.hmmessage P {
BODY.hmmessage {

I was composing an email to a friend this week and noticed it was coming up on my 9am-quit-stalling-and-get-to-work-on-the-novel time. So I finished the email with these words:

Time to get to work. A few more steps up this literary mountain. Funny how it is much like climbing a mountain, writing a first draft. The farther I climb/write, the better my view of the big picture becomes. But it never seems to get easier. I wonder if it’s because I keep adding things (craft knowledge, rules, techniques) to the pack I carry? But who wants to get caught on the side of a mountain, stranded without some key piece of survival gear?

I’ve done a lot of mountain climbing, but I’ve never been one of those hikers who hustle their way up a mountain like their legs are made of steel. My pace is slow. I rest at streams. Point out interesting bits of flora to fellow hikers. Fallen trees along the trail are inviting places to pause and look out at the expanding view below. The climbing process doesn’t get any easier, though one would think at some point conditioning would kick in and my pace would pick up just a bit.

The same seems to hold true for first draft writing. I’m working on WILLA, which to my reckoning is my fifth first draft (not counting three novels abandoned at the midway point), and I don’t seem to be progressing any faster than last time. Perhaps this is due to the increased amount of First Draft Survival Gear I’m carrying, all those writing craft books and blogs and conference notes I’ve read since my last first draft, this huge pack on my back full of handy tools for….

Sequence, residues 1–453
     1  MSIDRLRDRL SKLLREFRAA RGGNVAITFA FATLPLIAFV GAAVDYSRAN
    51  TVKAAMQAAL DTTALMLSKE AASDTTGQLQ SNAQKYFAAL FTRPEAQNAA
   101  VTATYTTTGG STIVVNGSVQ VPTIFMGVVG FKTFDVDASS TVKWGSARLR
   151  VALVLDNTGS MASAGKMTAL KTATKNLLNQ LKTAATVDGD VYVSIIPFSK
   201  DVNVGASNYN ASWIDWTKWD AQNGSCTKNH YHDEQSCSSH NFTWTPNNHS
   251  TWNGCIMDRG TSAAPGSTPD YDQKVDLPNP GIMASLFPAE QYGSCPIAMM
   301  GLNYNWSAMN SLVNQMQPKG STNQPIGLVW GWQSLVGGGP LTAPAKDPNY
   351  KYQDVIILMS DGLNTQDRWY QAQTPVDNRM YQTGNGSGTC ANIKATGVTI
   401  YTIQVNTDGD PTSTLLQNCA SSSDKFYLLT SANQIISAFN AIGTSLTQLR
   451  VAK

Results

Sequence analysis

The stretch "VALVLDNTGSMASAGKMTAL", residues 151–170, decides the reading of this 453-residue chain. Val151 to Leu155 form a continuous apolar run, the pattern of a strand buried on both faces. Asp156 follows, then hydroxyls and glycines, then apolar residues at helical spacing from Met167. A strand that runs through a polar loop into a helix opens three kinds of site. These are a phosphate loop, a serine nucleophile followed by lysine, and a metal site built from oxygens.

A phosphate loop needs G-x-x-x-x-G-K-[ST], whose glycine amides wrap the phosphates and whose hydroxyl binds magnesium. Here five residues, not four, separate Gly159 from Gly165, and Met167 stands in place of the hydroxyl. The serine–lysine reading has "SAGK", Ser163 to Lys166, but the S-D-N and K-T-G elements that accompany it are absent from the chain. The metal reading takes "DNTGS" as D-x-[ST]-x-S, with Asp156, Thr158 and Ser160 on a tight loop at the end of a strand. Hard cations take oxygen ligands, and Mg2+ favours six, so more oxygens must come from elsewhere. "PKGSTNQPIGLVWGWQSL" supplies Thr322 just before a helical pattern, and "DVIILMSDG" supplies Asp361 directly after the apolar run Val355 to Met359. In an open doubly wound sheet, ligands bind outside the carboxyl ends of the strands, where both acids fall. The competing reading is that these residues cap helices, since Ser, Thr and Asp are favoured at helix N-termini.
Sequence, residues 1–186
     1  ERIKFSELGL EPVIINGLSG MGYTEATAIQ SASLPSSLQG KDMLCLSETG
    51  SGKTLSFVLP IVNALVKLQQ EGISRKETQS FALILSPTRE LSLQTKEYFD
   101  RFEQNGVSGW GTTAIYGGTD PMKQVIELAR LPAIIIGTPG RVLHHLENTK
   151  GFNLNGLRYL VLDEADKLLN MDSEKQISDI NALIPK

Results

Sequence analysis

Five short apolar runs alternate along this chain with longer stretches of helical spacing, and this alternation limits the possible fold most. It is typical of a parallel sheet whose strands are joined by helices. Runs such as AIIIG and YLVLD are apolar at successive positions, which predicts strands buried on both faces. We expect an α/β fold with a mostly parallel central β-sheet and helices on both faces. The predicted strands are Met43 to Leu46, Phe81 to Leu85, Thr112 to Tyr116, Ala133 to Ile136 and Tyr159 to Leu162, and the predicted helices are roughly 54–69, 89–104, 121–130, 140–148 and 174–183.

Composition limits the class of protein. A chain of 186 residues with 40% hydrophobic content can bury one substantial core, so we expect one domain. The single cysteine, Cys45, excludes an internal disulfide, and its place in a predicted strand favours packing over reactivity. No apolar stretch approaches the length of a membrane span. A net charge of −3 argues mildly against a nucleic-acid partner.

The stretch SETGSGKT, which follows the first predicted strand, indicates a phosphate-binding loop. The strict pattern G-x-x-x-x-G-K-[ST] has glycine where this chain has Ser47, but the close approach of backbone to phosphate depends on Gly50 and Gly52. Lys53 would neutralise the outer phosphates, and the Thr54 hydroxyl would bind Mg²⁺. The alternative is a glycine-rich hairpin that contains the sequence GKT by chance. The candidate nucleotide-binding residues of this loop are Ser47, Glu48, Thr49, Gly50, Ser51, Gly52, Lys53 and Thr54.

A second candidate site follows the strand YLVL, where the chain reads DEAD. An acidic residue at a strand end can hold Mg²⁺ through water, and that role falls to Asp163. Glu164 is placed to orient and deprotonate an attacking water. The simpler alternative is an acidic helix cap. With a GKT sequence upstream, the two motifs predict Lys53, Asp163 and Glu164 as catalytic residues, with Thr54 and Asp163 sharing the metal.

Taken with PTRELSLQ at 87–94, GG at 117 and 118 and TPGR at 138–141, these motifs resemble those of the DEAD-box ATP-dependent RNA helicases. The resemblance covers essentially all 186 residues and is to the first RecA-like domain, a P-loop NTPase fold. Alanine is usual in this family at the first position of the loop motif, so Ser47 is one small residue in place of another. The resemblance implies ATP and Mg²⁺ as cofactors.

Plotting the most direct route up the mountain and avoiding side trails
Helping me through that soggy middle stretch where I tend to bog down
Discovering the details of setting that anyone but my POV character would be bound to miss
Finding the energy to get up and take a few more steps, and then a few more….
Finishing strong, enjoying the view, then evaluating whether the trail I chose was the quickest way to the top; might there be a better way? A more exciting route?

It takes time and energy for the portage and maintenance of all the gear I’ve accumulated over the years, but I’d rather have it with me than find myself lost and helpless in the wilderness of writing a first draft. A few of the handy tools in my pack:

The Fire In Fiction, by Donald Maass
Revision & Self Editing, by James Scott Bell
Writer’s Workshop, A Guide to the Craft of Fiction, by Stephen Koch
Hooked, by Les Edgerton

What are some of the essentials in your pack?


Hiking in Cade’s Cove, TN. Photo by Doree Ross

Pin It on Pinterest

Share This